Flood Zone 3

Calleguas Creek

The major river in Flood Zone 3 is Calleguas Creek with a watershed area of approximately 341 square miles. All stream flows in Zone 3 eventually end up in Mugu Lagoon before entering the Pacific Ocean. Major tributaries to Calleguas Creek include Revolon Slough (drains a portion of Flood Zone 2), Conejo Creek, Arroyo Santa Rosa, Arroyo Conejo, Arroyo Las Posas/Arroyo Simi, Happy Camp Canyon, Lang Creek, and Tapo Canyon. Virtually the entire watershed is within Ventura County, with dozens of smaller creeks too numerous to name here.

Historically, Calleguas Creek and its tributaries were all intermittent streams that only flowed seasonally from headwaters near Santa Susana at the east end of Simi Valley onto the Oxnard Plain. Due to development, Calleguas Creek is now primarily a perennial stream predominantly fed continuously by treated wastewater flows, with secondary surface flows originating from rising groundwater, agricultural and urban runoff, and periodic stormwater flows (Calleguas Creek Watershed Management Plan, 2002). Zone 3 incorporates three of the five supervisorial districts in Ventura County. The majority of the zone falls within Supervisor District 4, with the rest of the zone falling within Supervisor Districts 2 and 3.

Summers in the Calleguas Creek watershed are typically warm and dry, while winters are more mild with only occasional rainfall events. Winter frosts are rare in the coastal region, but not uncommon in the inland valleys and foothills. Except for very rare Summer or Fall rainstorms, almost all precipitation (approximately 85 percent) occurs during the Winter season, which extends from November through March. Mean annual precipitation varies from about 13 inches on the Oxnard Plain to 16 inches in the inland valleys, with a maximum of 20 inches in the higher elevations. The wettest rainfall year with recorded data occurred in 1941, when 38 inches of rain fell. The driest rainfall year was 1894, when only 3.3 inches of rain were measured.

Calleguas Creek topography is typified by rolling foothill type terrain with a few steep or even vertical slopes in the northern and eastern portions. In the south and west, landforms consist mostly of alluvial valleys, and coastal floodplains. Approximately 42 percent of the watershed has slopes greater than 20 percent, with another 46 percent of the watershed having slopes of less than 10 percent.

Located within the Transverse Range geomorphic province of California, geologic structures in the watershed formed from different sequences of sandstones, shales, conglomerates, and siltstones which were interrupted by basaltic flows and intrusives at later time stages (mostly in the eastern and southern portions of Zone 3). During the most recent Quaternary time frame, marine clays, sands, and gravels were deposited during episodes of erosion or during changing sea levels. The Fox Canyon member is the most important groundwater aquifer in the area because of its average thickness (500 feet), and the good water quality exhibited from water extraction wells perforated in this layer. Stream, terrace, alluvial fan, and former swamp deposits of silts, sands, and gravels up to 400 feet thick in some cases overlie most valleys and creeks in the watershed.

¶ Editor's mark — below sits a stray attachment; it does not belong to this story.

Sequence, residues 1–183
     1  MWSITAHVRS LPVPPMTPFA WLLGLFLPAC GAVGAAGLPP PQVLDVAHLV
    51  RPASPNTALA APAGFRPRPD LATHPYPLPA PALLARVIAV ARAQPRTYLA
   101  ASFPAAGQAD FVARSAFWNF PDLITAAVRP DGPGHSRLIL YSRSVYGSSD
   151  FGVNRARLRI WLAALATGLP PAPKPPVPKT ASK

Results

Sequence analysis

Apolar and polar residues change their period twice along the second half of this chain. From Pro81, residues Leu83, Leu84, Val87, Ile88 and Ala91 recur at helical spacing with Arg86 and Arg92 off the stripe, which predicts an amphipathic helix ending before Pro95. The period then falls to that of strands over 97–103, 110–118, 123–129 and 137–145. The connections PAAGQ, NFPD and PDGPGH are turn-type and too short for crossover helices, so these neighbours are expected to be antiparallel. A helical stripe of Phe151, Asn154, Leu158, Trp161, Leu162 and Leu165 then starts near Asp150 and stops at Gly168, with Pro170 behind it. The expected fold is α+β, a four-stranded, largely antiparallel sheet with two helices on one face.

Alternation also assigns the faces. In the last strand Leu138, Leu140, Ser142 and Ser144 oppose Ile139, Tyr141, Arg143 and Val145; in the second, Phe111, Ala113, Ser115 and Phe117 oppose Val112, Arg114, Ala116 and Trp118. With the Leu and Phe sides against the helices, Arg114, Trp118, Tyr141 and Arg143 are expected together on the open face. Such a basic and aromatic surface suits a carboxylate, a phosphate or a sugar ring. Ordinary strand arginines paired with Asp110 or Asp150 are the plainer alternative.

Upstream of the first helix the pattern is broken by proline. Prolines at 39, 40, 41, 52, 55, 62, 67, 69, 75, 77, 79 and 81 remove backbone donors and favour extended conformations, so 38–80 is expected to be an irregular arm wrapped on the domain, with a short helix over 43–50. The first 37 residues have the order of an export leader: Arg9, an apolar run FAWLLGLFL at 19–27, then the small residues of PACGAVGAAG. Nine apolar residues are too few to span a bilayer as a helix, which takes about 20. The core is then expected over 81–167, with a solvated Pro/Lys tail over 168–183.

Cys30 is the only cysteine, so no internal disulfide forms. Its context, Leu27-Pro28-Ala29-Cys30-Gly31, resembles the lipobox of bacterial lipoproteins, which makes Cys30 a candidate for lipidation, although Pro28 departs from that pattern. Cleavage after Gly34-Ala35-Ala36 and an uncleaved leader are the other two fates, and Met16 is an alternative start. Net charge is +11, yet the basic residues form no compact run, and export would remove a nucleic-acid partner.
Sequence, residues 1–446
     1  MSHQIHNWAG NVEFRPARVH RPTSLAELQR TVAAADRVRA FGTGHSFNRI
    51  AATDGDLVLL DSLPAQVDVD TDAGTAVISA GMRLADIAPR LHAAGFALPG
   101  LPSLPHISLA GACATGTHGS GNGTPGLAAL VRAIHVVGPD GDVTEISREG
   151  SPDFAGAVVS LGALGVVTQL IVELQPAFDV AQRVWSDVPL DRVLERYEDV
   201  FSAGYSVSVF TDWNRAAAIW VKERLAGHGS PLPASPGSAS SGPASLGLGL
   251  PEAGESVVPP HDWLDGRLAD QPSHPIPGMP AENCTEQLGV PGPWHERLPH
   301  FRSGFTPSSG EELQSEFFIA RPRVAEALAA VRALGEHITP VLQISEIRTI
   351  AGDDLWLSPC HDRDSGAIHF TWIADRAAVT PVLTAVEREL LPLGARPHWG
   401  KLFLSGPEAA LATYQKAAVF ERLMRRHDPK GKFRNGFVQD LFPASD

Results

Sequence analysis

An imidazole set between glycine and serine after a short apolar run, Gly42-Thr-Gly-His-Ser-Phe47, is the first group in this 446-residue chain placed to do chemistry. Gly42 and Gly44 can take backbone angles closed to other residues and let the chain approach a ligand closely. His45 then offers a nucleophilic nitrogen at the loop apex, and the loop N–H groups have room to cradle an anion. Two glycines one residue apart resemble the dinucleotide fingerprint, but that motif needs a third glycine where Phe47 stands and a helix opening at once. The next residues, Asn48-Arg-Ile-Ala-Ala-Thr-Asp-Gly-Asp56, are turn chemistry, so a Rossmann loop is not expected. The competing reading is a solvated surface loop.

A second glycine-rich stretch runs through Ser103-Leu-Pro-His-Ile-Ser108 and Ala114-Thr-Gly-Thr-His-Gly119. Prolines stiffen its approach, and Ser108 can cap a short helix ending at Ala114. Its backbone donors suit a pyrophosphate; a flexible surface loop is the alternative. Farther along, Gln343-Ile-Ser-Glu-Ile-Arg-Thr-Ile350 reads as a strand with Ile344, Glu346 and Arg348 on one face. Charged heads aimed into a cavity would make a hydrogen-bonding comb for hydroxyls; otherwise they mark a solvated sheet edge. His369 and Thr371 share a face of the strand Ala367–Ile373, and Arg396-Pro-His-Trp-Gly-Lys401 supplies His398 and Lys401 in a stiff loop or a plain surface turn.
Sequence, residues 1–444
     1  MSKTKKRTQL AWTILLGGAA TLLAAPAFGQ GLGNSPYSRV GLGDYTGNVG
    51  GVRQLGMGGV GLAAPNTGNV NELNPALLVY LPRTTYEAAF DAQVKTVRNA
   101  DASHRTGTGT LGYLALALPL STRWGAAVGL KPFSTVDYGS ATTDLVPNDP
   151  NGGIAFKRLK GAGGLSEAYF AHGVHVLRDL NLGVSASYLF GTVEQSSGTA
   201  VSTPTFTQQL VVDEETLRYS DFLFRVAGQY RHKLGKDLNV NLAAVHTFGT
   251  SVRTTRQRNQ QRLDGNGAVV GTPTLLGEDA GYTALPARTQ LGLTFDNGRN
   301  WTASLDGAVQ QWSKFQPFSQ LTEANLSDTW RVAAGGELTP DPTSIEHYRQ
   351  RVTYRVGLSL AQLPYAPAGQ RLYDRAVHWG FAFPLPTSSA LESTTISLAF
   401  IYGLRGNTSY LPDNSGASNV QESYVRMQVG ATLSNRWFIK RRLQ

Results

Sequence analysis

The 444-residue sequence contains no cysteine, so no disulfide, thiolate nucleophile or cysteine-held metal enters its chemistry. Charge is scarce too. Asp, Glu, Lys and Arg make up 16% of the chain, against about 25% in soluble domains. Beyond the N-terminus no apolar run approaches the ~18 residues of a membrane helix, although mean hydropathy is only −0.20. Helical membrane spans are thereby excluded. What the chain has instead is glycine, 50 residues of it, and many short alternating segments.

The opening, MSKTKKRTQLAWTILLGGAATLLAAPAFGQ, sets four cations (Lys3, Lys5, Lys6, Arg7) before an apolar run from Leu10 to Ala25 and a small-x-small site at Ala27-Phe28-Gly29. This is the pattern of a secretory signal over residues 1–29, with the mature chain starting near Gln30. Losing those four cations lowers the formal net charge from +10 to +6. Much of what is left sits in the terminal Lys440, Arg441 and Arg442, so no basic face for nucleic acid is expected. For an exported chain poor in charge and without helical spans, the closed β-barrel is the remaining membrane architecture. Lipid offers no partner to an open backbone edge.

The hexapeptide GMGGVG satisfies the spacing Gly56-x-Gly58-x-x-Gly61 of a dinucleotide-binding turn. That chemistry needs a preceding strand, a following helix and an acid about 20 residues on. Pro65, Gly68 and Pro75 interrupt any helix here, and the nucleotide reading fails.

Grey Heron looking for fish in Mugu Lagoon

Grey Heron looking for fish in Mugu Lagoon

As a result of the 1994 Northridge Earthquake, Oat Mountain (an East-West ridgeline fold along the northern portion of Zone 3) was uplifted 18 inches. As a result, erosional processes have not always kept pace with uplift, so landslides and soil slippage can happen during intense or extended rainfall events. In upper elevations, natural channels can be deeply incised with unstable sidewalls that leading to sediment erosion which impacts design of flood control improvements.

With no natural water impoundments, the Calleguas Creek watershed contains the man-made Lake Bard (aka Bard Reservoir – main imported water supply for about 60% of Ventura County population), along with several Watershed Protection District constructed debris basins of varying sizes and depths designed to capture runoff sediment before it can cause damage to the Calleguas Creek drainage system. Some of the largest District basins include Sycamore Canyon, Las Llajas, and Runkle Canyon basins. Areas where damaging channel over-topping can occur from flash floods include smaller tributaries to the Arroyo Simi-Arroyo Las Posas, and Calleguas Creek levees downstream from Hwy 101.

The Ventura County Watershed Protection District developed a complete watershed model of the Calleguas Creek system, including Revolon Slough, using the Modified Rational Method. Sub-watersheds were carefully digitized; imperviousness compared to latest aerial photos, and routing reaches measured from Rocky Peak to Mugu Lagoon. The majority of the sub-areas are less than 100 acres, but in some rural areas, larger sub-areas seemed appropriate. For each sub area, the input has these parameters: area in acres, time of concentration in minutes, percent effective imperviousness, hydrologic soil type, and rainfall zone with storm frequency.

For more information on the Watershed Management Plan, please visit their site.